The decision

Upper Tribunal
(Immigration and Asylum Chamber)

Mitchell (Basnet revisited) [2015] UKUT 00562 (IAC)


Heard at Glasgow
Promulgated on
18 December 2014









For the Appellant: Mr H Ndubuisi, of Drummond Miller LLP
For the Respondent: Mr M Matthews, Senior Home Office Presenting Officer

1. The decision of the Tribunal in Basnet v SSHD [2012] UKUT 0113 (IAC) does not put the burden of proof on the Secretary of State where the application was, on its face, insufficiently completed.

2. The evidence shows that the payment pages are retained for 18 months. Thus, within that period, any question of the reason for failure to obtain payment can be investigated, although the reasons for declining a payment are available only to the bank account holder, not the Secretary of State. In the light of this, a more nuanced approach to the burden of proof may be needed.


1. The appellant is a national of Jamaica. She has been in the United Kingdom since 9 November 2002. On 22 September 2012 she applied for leave to remain, outside the Immigration Rules, on health grounds. The application was refused on 19 October 2013. The appellant exercised her right of appeal against that decision: the grounds were purely general. On 20 May 2014 the appellant's representatives raised two specific further grounds on appeal. The first was that the appellant had acquired ten years' lawful residence in the United Kingdom; the second was that she had a well-founded fear of persecution in Jamaica. Following a case management review hearing, the appeal came before Judge Agnew in the First-tier Tribunal. The hearing extended over two days, 15 July and 4 August 2014. Judge Agnew dismissed the appeal insofar as it was based on the Immigration Rules, but concluded that the appellant had established a well-founded fear of persecution. She thus allowed the appeal on Refugee Convention grounds.

2. It does not appear that there is now any suggestion that the application for leave ought to have been granted on the basis upon which it was made. Further, there is no challenge to the judge's conclusion that the appellant had established her status as a refugee. Nevertheless, the appellant sought and obtained permission to appeal to this Tribunal challenging the judge's conclusion in relation to her ten years' residence in the United Kingdom.

3. The respondent's position is that the appellant was in the United Kingdom without leave between 31 January 2010 (when her leave to remain as a student expired) and 24 September 2010 when she was granted leave as a Tier 1 (Post Study) Student. The appellant's position is that before her leave expired on 31 January 2010 she had made a valid application for further leave, so that her leave was extended beyond 31 January 2010 by s. 3C of the Immigration Act 1971.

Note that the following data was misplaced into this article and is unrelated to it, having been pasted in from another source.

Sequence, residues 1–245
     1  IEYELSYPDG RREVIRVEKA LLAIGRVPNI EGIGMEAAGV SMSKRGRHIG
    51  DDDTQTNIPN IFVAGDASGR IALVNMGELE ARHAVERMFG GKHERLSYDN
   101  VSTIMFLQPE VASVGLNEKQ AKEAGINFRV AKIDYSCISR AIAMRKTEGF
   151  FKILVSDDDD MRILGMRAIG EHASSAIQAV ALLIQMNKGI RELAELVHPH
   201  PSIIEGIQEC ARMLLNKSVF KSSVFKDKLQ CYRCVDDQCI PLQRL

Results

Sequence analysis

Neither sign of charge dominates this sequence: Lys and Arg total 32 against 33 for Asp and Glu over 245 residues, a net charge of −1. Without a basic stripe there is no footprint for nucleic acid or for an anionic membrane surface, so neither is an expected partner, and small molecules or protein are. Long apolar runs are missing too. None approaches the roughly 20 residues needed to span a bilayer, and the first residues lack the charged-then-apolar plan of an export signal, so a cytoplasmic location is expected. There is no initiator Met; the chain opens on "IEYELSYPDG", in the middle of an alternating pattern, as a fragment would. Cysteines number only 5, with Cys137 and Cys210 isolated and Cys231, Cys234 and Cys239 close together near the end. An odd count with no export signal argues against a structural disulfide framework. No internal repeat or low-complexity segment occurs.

4. The history, as revealed by the evidence before Judge Agnew, is as follows. The appellant sent an application for further leave on 29 January 2010. It was returned by the respondent on 18 February 2010, with a letter stating that the application was invalid because the payment mandate section on the application form had not been signed. The appellant sent a new application on 1 March 2010, which the respondent appears to have treated as a valid application. The respondent wrote on 15 April 2010 seeking further evidence, and on 11 May 2010 refused the application. The reason was that neither the evidence of the appellant's academic award, nor the evidence of her funds, met the requirements of the Rules. There was further correspondence between the appellant's solicitors and the Secretary of State, and further documents were provided, following which the Secretary of State reconsidered the application and granted it on 24 September 2010.

5. The argument before Judge Agnew had two limbs. The first was that the appellant, apparently now for the first time, said that the payment mandate in the application of 29 January 2010 had indeed been signed, and that therefore that application was a valid in-time application. She sought to put the Secretary of State to proof of its invalidity, on the authority of Basnet v SSHD [2012] UKUT 00113 (IAC). Not merely would the in-time application have given rise to the extension of her leave under s. 3C; its refusal would also have engendered a right of appeal, which she could have exercised, and in the course of it could have remedied any defect in the documents accompanying the application. Secondly, the appellant claimed that the material supporting the application was in truth sufficient under the Rules to entitle her to a grant of leave. Judge Agnew examined those submissions. It is not clear that she reached a firm conclusion on the Basnet point, but she clearly took the view that the material before her did not establish that the appellant met the requirements of the Rules at any date before the submission of further evidence to the Secretary of State in August 2010. She thus concluded that the respondent was correct in asserting that the appellant had been in the United Kingdom without leave from the expiry of her leave at the end of January 2010 until the grant in September stopped. Permission to appeal to this Tribunal was granted on the Basnet point.